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Fighting for racially just schools

Creating more just and inclusive schools

Whether Black, white or brown, most educators believe every student deserves a high-quality education with professional teachers who nurture a love of learning, meet mistakes with patience and help all students grow.

But for centuries, politicians have created color-coded barriers to equal education by creating a system that often fails our students and educators of color, and sometimes actively works against them through biased standardized testing, criminalizing certain behaviors and giving students in wealthy neighborhoods more resources than the students who need the most support.

Then those same politicians turn around and point the finger at Black, immigrant and other families of color for our schools’ problems while steering money toward unaccountable charter and private schools and letting the wealthiest 1 percent refuse to contribute their fair share.

In 2022, we must move our money towards the proven solutions that set our kids up for fulfilling lives, including recruiting and retaining more teachers of color, embracing restorative justice practices in our schools, rewriting our curricula, expanding full-service community schools and, most of all, giving communities of color a voice and power in dismantling systemic racism in our public schools and colleges.

When we join together across race and place, educators can demand that our schools treat all our children equitably and with compassion, nurturing a love of learning and meeting childhood mistakes with the proven approaches that help students grow.

Three things to know:

  1. Seventeen percent of children of all backgrounds live in poverty, compared to 32 percent of Black children and 31 percent of American Indian children, according to the 2022 Kids Count Data Book by the Annie E. Casey Foundation. The report also found 27 percent of all kids have parents who lack secure employment; this rate rockets to 44 percent for American Indian children and 41 percent for Black children. Latino children, when compared to their white peers, are also more likely to grow up in poverty and to have parents who aren’t securely employed.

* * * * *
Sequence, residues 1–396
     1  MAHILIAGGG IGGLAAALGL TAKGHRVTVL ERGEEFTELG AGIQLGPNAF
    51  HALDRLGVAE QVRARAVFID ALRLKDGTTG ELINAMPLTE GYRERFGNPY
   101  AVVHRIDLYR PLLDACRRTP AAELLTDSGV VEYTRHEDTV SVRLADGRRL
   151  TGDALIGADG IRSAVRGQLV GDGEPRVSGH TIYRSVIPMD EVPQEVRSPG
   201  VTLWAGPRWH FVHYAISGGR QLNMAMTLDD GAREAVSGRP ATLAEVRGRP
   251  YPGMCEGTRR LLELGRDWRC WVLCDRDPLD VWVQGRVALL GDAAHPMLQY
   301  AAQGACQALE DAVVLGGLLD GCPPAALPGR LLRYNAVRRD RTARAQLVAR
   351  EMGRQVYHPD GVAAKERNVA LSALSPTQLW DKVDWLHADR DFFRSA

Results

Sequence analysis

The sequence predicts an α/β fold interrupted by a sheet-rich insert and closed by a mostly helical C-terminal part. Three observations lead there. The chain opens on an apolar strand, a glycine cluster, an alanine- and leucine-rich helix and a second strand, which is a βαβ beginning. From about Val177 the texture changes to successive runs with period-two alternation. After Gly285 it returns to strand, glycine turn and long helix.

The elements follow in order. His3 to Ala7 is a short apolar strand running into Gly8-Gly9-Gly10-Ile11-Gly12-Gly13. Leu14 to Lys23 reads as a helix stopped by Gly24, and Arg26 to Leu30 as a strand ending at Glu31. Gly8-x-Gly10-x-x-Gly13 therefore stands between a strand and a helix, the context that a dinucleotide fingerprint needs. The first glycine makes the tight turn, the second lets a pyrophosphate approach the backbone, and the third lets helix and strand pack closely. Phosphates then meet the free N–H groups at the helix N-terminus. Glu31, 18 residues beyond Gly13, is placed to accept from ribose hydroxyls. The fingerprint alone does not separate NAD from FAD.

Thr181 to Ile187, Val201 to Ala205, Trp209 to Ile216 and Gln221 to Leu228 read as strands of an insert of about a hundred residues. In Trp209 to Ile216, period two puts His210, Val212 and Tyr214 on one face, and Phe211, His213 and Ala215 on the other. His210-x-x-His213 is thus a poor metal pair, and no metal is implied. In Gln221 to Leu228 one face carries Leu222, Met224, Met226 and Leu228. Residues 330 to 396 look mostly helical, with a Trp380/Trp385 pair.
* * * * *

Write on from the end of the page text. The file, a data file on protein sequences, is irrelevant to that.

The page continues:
2. Students of color and Native American students lag white students in almost every measure. To cite just one example, in the 2021 data from the state, the graduation rate for white students in Minnesota was 88 percent, but only 69 percent for Black and Latinx students and 53 percent for Native students.
  3. Full-service community schools are a proven way to close the opportunity gap. In Brooklyn Center, about 84 percent of seniors graduated in 2020, up from 74 percent in 2010, according to data from the Minnesota Department of Education. 77.4 percent of Black seniors graduated in 2020 from Brooklyn Center High School compared to 69.2 percent of Black seniors statewide. And at the alternative learning site, 59 percent graduated in 2020, up from 22.7 percent in 2015.

Take charge:

  • The state Legislature can fund new restorative practices programs, expand full-service community schools and make sure educators are supported in developing welcoming curricula for all students.
  • Debt-free college, single-payer health insurance and other policies to shore up our family finances are possible, but only if we vote for the right people for state and federal offices.
  • No matter whom you vote for, hold them accountable through your local union, our allies among communities of color, immigrant rights groups and civil rights organizations.
  • Education Minnesota asked candidates seeking our endorsement on all levels of the ballot if they supported a $25 minimum wage for education support professionals, the lowest paid and most diverse employee group in our schools. Visit our Voter Guide to view their questionnaires and see who said they would support this legislation.

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